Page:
Teneshia Jackson Warner is the founder and CEO of Egami Group, which helps companies such as P&G, Target and Eli Lilly connect with multicultural consumers. Egami Group also partners with other agencies to bolster their multicultural offerings. Warner's latest book, The Big Stretch: 90 Days to Expand Your Dreams, Crush Your Goals and Create Your Own Success, is a guide that draws on Warner's experiencing of quitting a corporate job to starting her own business. In 2019, she was one of the headline speakers at our PRovoke Global Summit, where she discussed the challenges facing multicultural marketing

Is this the communications industry’s moment of reckoning when it comes to diversity & inclusion?

I believe that the world, all industries, are reckoning right now on racism in a way we haven’t  seen in generations. So I do believe it’s our industry’s moment and really the world’s moment.

Why did it take events of such magnitude to really push agencies into taking action?

I think we are at this place right now that there is no longer going to be a path for ignoring the impact of racial injustice and inequality of Black people in America — especially in the face of global protests and Covid-19. I feel that what we are witnessing is a convergence of two deadly pandemics – one being Covid-19 and one being racism. And our world is really being faced with an opportunity to look at the mirror and see a very ugly truth. And that ugly truth is that racism, justice inequality, and disparities among communities of color are real.

If you turn on the news, from protests to the pandemic and seeing the impact on Black lives I don’t think you can watch this as a leader and not start to examining yourself. There has been a series of catastrophic events — Covid-19 and how that is disproportionally impacted Black communities in America, combined with the Ahmaud Arbery, the Breonna Taylor the George Floyd cases, even the Amy Cooper incident. We have within the past eight weeks witnessed back-to-back injustices against Blacks in our nation.

Given the PR industry has prioritized D&I for years, why are we not further ahead on diversity?

We are scrambling, but I also think many industries are scrambling right now. And the reason is inaction, and that past efforts have not produced industries or organizations that are truly inclusive and diverse. I am not sure why behind the why. The obvious why is inaction, and it hasn’t been a priority. The why behind that I’m not sure of.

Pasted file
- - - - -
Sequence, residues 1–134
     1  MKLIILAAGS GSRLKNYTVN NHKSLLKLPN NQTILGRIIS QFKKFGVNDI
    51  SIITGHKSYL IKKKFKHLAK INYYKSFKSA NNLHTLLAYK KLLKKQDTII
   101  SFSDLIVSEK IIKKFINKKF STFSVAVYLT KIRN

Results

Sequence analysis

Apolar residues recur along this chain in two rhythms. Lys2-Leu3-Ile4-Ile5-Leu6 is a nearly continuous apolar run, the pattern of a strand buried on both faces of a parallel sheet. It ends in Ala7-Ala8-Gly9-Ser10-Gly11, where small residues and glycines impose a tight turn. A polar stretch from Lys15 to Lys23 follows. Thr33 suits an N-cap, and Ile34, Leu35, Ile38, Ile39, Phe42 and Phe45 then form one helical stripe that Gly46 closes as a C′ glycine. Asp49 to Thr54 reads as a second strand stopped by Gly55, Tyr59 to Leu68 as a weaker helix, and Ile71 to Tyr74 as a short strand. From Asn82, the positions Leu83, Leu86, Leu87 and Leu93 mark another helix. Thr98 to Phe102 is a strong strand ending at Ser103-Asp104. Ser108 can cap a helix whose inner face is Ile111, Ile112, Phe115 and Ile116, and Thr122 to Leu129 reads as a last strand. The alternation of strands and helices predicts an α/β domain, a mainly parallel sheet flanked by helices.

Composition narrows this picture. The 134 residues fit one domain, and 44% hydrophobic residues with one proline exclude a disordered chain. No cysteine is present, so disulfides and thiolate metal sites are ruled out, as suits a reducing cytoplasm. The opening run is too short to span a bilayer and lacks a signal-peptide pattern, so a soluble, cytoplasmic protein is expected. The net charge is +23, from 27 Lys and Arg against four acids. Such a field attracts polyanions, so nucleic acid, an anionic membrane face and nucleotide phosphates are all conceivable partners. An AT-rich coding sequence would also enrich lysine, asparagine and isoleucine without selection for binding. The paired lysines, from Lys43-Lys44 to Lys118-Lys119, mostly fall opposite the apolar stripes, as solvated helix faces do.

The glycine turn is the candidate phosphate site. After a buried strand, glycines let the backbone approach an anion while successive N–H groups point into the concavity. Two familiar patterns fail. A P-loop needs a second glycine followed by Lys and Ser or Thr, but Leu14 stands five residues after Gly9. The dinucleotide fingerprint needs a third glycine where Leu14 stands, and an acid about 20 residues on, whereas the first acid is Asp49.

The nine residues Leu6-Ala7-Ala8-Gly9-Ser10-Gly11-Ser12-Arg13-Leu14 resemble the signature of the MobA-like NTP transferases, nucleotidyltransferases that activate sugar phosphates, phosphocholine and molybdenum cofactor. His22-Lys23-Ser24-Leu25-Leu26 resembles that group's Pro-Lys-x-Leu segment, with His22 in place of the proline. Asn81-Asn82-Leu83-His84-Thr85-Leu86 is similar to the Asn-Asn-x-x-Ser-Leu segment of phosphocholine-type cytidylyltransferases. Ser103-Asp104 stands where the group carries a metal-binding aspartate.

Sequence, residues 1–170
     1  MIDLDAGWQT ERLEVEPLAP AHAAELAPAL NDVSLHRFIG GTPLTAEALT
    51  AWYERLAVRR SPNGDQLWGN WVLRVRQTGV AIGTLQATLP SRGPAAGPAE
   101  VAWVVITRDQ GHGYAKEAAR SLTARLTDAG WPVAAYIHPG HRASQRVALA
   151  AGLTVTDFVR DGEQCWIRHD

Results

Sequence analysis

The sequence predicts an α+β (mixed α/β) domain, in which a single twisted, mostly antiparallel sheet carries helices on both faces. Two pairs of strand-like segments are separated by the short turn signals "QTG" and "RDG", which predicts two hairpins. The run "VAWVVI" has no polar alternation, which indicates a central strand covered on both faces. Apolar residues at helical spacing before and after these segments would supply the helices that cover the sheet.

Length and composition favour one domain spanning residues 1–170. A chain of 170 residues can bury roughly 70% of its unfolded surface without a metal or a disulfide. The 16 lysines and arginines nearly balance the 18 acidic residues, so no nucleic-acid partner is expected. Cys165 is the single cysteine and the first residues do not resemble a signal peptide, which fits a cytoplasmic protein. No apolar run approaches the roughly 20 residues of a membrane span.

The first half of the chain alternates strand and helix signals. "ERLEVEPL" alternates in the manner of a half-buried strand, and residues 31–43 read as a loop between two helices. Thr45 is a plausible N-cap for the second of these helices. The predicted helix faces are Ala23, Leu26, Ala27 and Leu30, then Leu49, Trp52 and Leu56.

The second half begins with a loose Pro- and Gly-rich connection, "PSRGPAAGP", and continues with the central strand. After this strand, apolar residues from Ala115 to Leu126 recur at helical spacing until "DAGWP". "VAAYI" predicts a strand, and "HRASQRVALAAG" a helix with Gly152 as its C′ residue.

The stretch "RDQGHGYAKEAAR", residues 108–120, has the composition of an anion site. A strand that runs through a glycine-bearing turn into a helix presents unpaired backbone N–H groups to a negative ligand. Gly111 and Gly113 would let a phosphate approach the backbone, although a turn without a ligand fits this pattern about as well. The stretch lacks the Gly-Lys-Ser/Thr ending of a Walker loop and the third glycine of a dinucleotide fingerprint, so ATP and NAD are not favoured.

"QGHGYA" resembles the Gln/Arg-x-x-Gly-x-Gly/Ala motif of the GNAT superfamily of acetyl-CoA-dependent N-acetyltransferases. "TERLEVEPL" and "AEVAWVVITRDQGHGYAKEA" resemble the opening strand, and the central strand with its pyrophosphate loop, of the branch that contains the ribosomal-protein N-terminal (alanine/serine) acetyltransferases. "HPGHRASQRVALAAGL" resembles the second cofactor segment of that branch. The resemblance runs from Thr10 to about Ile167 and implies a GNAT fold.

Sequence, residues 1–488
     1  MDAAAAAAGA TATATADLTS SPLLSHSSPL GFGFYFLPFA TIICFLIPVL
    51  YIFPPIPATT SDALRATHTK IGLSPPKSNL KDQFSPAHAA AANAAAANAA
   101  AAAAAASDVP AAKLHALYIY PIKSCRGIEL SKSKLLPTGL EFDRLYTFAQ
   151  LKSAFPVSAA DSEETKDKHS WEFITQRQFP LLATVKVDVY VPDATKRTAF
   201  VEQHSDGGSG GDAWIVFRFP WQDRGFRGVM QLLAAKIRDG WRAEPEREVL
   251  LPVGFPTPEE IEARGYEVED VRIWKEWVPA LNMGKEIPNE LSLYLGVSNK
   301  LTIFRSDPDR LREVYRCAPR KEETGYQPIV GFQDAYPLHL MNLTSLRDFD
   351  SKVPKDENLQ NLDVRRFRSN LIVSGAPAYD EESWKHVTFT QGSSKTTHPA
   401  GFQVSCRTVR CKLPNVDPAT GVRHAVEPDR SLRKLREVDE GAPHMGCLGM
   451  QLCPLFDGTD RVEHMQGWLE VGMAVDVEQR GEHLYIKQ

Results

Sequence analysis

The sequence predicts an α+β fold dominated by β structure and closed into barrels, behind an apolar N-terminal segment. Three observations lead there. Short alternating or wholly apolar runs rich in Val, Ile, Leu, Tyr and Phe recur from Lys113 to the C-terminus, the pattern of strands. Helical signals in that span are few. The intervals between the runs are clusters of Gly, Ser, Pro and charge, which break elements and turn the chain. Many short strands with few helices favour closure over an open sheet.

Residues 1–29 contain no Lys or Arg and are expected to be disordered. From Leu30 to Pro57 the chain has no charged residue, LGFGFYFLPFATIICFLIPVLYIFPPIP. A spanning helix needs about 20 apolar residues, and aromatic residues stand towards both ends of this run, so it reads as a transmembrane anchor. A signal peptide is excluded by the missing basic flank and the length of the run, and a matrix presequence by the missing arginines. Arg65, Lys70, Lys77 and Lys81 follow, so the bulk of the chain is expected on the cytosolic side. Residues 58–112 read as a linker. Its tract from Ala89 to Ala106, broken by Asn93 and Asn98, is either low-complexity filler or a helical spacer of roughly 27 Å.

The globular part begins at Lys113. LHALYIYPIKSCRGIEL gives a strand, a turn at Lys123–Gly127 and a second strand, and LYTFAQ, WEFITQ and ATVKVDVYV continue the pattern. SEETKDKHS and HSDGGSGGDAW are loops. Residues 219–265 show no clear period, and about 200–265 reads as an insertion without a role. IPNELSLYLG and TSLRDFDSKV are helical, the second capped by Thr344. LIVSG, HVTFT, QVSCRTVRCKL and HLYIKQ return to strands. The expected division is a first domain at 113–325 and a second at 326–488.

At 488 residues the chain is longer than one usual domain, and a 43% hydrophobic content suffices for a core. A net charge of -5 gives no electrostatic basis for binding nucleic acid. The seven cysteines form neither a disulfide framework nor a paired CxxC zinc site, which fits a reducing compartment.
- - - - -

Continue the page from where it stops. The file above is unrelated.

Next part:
Is Egami a response to the lack of diversity in communications?

Egami Group was founded on the principles that we understood that minorities in America were on track to become the majority. We wanted to create programs to serve those audience and communities. We also felt there was a void in major corporations understanding the nuances of reaching those audiences in authentic and meaningful ways. So the company was started with me being true to my purpose.

How do you envision a truly diverse PR industry?

My hope of what would come out of this for integrated communications and marketing is there would be representation, ensuring that our workforce is inclusive of Blacks at every level. From a culture standpoint, (my hope is) for our industry to create cultures within our organizations where minority employees really feel there is an environment for them, to bring their authentic selves. I would like for us to have organizations where conversations and dialogue are welcome, even if that means others (people who are not Black) being uncomfortable. I also would love it to see that our industry is delivering best in class work that is also reflective of black culture.

(I also hope for) more openness and collaboration, so that we could be working experts in diversity to move initiatives forward, partnering and collaborating with Black-owned businesses, creative consultants. Also an atmosphere that places a priority on listening, having dialogue with your Black employees to seek understanding. I would like (the industry) to be proactive so that diversity and bias training is at all levels. And ensuring there are equal pay wages for people of color and creating opportunity for people of color in career tracks. That career growth track for employees would help with retention and making sure that our recruiting efforts are building a pipeline where we are ensuring that leaders of tomorrow are also inclusive of Black talent.

If those things were to become true, I think that would be a reflection of what an inclusive industry should look like.

Do you think achieving that is possible?  

I do. Here’s the thing that I absolutely love about our profession. As creators, as marketers we are in a very powerful position to create big ideas that drive our world forward and drive our brands forward. So as an industry filled with creators, big idea people, if there were any industry that can imagine a future that is inclusive and start creating that future today that would be marketers, communicators and advertisers. I absolutely think it’s attainable. I think it's attainable by us being intentional by creating the world we want to see through our actions.

You can read earlier interviews in the series here:
Suresh Raj: 'Just Hiring People Of Color Isn't Going To Do It'
Cheryl Overton: 'We Can't Wait For Everyone To Grow Up In The Business To Make Changes'
Amber Micala Arnold: 'Accountability Is One Of The Industry's Biggest Problems'